August 03, 2010
On April 15
, 1992, Chris McCandless departed from his home in South Dakota and
entered the Alaskan wilderness in search for his inner being and happiness. For ninety days,
Chris McCandless wandered the Alaskan wilderness with little equipment and no guidance or
direction. And subsequently, ninety days later a team of men found Chris McCandless in a bus
alone, malnourished, and dead.
Chris McCandless’ pursuit of happiness, as described in the
book ,“Into the Wild” by Jon Krakauer, was too demanding for his own good.
What drove Chris
McCandless into going through such a deadly expedition for the pursuit of happiness?
McCandless’s expedition for the pursuit of happiness was strictly for the benefit of his own
happiness and self-being. However, McCandless’s so-called ‘pursuit’ could only be obtained in
one way: by boosting the self-esteem. High self-esteem is an essential ingredient to achieve
success and happiness. Self-esteem is how we conceptualize ourselves; it reflects the confidence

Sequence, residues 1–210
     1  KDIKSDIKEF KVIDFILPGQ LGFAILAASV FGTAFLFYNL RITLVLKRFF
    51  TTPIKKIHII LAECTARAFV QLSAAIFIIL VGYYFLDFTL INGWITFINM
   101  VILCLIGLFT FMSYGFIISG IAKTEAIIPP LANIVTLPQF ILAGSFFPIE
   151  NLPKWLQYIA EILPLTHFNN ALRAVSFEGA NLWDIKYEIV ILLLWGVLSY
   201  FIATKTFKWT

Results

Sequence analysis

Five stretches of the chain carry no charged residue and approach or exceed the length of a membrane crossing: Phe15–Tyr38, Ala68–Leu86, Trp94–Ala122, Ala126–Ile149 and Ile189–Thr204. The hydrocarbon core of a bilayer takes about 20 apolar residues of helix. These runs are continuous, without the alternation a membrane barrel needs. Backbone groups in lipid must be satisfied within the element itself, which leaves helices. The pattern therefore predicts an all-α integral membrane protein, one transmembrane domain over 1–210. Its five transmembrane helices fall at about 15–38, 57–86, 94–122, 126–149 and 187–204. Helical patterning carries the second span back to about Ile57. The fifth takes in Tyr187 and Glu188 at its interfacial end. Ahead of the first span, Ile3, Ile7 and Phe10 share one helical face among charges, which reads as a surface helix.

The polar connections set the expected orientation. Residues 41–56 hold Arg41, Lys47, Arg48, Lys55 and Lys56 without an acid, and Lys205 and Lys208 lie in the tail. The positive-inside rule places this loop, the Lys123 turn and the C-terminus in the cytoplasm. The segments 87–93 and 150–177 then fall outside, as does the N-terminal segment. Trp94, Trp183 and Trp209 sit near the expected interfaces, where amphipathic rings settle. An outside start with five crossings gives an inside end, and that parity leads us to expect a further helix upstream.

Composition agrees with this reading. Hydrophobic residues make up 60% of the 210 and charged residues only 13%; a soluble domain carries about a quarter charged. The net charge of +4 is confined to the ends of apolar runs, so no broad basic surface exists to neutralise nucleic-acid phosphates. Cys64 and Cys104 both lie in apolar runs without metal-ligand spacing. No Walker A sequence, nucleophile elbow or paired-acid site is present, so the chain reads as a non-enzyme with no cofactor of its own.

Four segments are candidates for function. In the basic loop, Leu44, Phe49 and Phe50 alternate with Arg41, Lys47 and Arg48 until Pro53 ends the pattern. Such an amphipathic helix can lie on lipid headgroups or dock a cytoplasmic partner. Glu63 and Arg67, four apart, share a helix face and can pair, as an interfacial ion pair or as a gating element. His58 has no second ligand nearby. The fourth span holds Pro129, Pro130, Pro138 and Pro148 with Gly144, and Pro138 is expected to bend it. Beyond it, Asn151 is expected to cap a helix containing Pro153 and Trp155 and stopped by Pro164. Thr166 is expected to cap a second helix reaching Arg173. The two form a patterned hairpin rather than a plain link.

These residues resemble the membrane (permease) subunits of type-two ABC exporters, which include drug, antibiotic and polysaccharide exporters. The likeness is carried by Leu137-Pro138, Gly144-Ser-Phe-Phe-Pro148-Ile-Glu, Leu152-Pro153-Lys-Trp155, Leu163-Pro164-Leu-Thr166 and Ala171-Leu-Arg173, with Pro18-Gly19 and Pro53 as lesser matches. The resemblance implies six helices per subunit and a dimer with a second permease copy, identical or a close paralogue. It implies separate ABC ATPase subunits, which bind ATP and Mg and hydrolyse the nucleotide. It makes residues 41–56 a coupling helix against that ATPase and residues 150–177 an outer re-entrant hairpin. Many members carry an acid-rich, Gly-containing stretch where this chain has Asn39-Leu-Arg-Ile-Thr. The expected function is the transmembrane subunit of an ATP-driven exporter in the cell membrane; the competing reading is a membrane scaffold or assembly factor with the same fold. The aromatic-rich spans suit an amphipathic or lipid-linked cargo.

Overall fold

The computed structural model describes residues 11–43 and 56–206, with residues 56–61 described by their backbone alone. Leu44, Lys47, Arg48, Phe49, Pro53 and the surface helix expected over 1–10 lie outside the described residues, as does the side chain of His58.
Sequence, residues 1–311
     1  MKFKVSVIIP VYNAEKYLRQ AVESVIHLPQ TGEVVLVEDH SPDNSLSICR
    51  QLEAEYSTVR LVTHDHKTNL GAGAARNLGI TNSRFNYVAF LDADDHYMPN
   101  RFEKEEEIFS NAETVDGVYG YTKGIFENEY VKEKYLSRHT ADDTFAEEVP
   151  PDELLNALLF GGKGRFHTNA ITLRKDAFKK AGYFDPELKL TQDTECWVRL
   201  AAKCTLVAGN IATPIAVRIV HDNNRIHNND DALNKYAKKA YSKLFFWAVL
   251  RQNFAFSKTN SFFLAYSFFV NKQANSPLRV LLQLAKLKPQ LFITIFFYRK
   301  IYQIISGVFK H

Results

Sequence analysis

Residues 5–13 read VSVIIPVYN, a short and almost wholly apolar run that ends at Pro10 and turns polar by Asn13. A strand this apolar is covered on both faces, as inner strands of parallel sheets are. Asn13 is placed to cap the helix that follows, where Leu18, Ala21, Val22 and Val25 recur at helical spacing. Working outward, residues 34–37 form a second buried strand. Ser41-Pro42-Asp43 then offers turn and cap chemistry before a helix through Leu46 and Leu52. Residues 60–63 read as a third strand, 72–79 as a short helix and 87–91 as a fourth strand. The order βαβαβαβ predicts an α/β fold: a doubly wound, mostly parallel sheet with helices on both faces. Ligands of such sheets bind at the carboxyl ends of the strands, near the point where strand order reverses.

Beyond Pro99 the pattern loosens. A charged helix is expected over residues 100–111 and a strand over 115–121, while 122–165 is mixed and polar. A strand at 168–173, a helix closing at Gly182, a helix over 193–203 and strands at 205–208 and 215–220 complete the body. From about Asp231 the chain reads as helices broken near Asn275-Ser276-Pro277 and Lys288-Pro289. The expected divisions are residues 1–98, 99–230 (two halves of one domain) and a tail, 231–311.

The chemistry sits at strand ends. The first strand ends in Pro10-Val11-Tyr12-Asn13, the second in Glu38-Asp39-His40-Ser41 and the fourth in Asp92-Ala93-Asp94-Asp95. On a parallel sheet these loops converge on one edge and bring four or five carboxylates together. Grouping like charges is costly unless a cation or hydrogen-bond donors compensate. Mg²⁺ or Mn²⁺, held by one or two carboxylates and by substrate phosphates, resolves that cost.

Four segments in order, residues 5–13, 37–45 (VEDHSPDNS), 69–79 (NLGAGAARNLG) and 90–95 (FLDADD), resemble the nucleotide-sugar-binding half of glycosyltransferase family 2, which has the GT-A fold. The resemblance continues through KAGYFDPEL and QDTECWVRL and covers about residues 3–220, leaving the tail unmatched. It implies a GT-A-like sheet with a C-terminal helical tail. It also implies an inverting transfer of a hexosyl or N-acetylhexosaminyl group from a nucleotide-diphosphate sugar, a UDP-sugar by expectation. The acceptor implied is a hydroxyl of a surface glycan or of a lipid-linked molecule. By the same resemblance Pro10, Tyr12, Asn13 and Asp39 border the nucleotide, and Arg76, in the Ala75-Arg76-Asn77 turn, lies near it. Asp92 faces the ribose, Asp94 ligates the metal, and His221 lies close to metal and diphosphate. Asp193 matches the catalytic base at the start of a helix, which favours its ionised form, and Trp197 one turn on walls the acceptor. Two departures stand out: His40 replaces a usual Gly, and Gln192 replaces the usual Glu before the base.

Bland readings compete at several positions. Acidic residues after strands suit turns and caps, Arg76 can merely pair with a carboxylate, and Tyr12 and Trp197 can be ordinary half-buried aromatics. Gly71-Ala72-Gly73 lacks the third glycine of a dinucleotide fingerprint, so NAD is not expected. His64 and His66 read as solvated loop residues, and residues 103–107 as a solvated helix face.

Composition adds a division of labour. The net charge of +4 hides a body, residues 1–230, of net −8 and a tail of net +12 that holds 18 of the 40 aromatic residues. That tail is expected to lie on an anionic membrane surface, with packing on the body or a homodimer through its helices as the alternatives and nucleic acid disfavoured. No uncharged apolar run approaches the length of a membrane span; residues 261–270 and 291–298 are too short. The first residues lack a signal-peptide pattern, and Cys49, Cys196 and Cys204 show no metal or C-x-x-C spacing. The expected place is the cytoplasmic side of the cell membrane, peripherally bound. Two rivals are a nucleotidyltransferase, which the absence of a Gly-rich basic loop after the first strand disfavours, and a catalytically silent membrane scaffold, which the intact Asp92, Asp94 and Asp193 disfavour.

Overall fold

level of an individual. While it appears that the significance of a ‘confident’ self-esteem is
somewhat understood, the unrequited question has always been about how to improve, or
enhance, an individuals’ self-esteem. Daniel Gilbert, author of “Immune to Reality”, believes
that, not only does our own self-esteem influence our happiness, but also our own psychological
immune system, which also boosts our self-esteem. Gilbert theorized that intense sufferings,
such as the hardships that Chris McCandless endured, can boost self-esteem and subsequently,
The benefit for the ‘self’ and self-esteem, along with the psychological immune
system, are the primary components that are present in the pursuit and definition of happiness.